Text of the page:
UBC Gateway

Perkins&Will | Schmidt Hammer Lassen


This building has a clarity in plan despite its multifaceted occupancy of public-facing, university community-facing and faculty-specific activities. An atrium brings light and activity into the densely packed academic building. As a result, it does not feel crowded, but rather feels like a dignified, warm place that is well resolved at the human scale. Located at the entry to the university campus, it has an engaged ground level plan and lushly planted forecourts, as well as fluid circulation throughout. There’s a lot of thought put into its sustainability strategies and material choices, from its mass timber structure to its prefabricated wall panels and terracotta cladding. The quality of its materiality, rational planning and expression result in an endurance-oriented design befitting of a gateway. It is targeting an exceptional level of performance, with a GHGI of 1.4—a significant achievement, especially given that it includes a kinesiology department with a wet lab. -Jury Comment

At the principal point of entry to the University of British Columbia’s Vancouver campus, the Gateway project will create a place for learning, research, and community outreach through the co-location of the schools of Nursing, Kinesiology, Language Science and UBC health clinics.

Conversations with representatives of the Musqueam First Nation  were fundamental to co-creating a contemporary design vision aligned with traditional Musqueam values. The site strategy evokes the lost forest, long stewarded by the Musqueam, where the university now stands. The architecture, which makes extensive use of local wood in its hybrid wood-concrete-steel structural system and the cladding throughout the public spaces, reflects the project’s Pacific Northwest setting and the immediate campus context.

Through engagement with the Musqueam, the design introduces a significant landscape presence along University Boulevard.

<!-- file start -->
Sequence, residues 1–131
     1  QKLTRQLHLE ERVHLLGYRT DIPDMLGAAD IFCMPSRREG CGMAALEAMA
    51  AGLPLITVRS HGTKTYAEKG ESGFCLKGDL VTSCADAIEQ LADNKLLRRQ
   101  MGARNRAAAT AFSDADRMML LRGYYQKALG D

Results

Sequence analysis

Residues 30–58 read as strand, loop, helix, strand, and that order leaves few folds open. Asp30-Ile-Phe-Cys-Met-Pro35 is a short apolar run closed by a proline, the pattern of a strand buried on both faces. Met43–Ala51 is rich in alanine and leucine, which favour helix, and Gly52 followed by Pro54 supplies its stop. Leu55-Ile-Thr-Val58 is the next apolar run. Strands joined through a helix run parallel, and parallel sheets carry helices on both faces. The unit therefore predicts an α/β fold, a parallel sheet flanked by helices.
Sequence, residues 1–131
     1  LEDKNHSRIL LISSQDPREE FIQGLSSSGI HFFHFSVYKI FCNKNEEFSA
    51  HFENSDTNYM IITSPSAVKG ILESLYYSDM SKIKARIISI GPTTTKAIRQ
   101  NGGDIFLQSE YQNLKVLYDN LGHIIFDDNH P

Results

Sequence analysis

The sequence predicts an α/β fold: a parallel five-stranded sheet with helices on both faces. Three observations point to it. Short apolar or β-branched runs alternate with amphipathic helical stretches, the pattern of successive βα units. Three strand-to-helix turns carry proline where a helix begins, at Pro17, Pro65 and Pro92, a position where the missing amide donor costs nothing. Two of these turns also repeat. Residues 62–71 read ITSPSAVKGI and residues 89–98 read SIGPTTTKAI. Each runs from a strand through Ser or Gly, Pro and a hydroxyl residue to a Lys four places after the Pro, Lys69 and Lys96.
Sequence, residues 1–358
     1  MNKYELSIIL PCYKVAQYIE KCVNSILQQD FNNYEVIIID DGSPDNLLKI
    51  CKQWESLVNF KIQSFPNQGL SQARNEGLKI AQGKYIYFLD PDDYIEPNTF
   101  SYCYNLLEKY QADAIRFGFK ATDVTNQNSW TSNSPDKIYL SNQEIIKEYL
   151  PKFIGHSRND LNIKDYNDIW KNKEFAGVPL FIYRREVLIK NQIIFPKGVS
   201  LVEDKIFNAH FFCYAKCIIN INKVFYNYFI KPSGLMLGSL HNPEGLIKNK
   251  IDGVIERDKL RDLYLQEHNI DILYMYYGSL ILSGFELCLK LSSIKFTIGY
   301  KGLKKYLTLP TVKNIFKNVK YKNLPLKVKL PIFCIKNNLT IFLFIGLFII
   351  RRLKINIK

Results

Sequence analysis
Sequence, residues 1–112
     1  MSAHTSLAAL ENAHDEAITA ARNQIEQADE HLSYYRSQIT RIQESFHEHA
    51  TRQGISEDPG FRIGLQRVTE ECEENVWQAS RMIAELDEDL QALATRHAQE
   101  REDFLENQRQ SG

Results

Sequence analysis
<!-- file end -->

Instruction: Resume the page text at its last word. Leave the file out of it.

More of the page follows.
The site response began with a ‘re-wilding’—a recognition of the importance of landscape and open space to the Musqueam Host Nation and a desire to reconceptualize the site in its forest state. The design team mapped desire lines onto the site to understand how UBC’s campus community would want to move through this building en route to and from surrounding destinations, and used this information to determine the placement of public-facing program blocks within the ground floor. The main entry is from the south, where the two bar-shaped volumes flanking the atrium terminate at angles that frame the Gateway’s forest-evoking plaza upon arrival to campus.

The use of local wood is celebrated through an expressed timber structure and cladding throughout the public spaces of the building.

A skylit atrium is the social heart of the building and its ground plane is a porous extension of the surrounding landscape. The use of wood and expressed timber structure reflects the Musqueam tradition of building and extends the ‘forest landscape’ experience into the interior. In keeping with the health and wellness focus of the schools co-locating in the Gateway, the wood feature stair that winds through all atrium levels encourages physical activity as well as social interaction between different disciplines.

Prefabrication will play an important role in expediting construction and creating open, flexible space that can accommodate future programming changes. Long-span composite timber floor panels will be pre-assembled off site and craned in, and the building envelope will be fully prefabricated off site as three-metre-wide panels that align and tie into the timber structural module at the building perimeter.

Gold certification through the Rick Hansen Foundation Accessibility Certification program is targeted for this project. Due to a change in grade of 1.3 metres between the south and north sides of the building, a sloped surface is incorporated into the atrium’s ground floor to allow uninterrupted movement for all building occupants. Grading throughout the landscape and interior has been kept to minimal slopes and hardscape paving provides ease of use for people of all abilities. Sustainability objectives include Canada Green Building Council Zero Carbon Building certification, with a focus on reducing both operational and embodied carbon.

CLIENT University of British Columbia | ARCHITECT TEAM Perkins&Will—Jaime Castillo, Jana Foit, Laura Gilmore, Lucas Harle, Bojana Jerinic, Jessica Kim, Aaron Knorr, Steve Kwak, Elke Latreille, Manuela Londono, Sindhu Mahadevan, David Mikkelsen, Maria Montgomery, Ashley Perkins, Sumegha Shah, Alexa Wallert, Kathy Wardle. Schmidt Hammer Lassen—Fred Awty, Giancarlo Gastaldin, Kasper Heiberg Frandsen, Fanny Lenoble, Dorine Vos | STRUCTURAL RJC Engineers | MECHANICAL Stantec | ELECTRICAL Smith + Andersen | CODE GHL | LANDSCAPE HAPA Collaborative | AREA 24,716 m2 | BUDGET $125 M | STATUS Construction Documentation  | ANTICIPATED COMPLETION 2024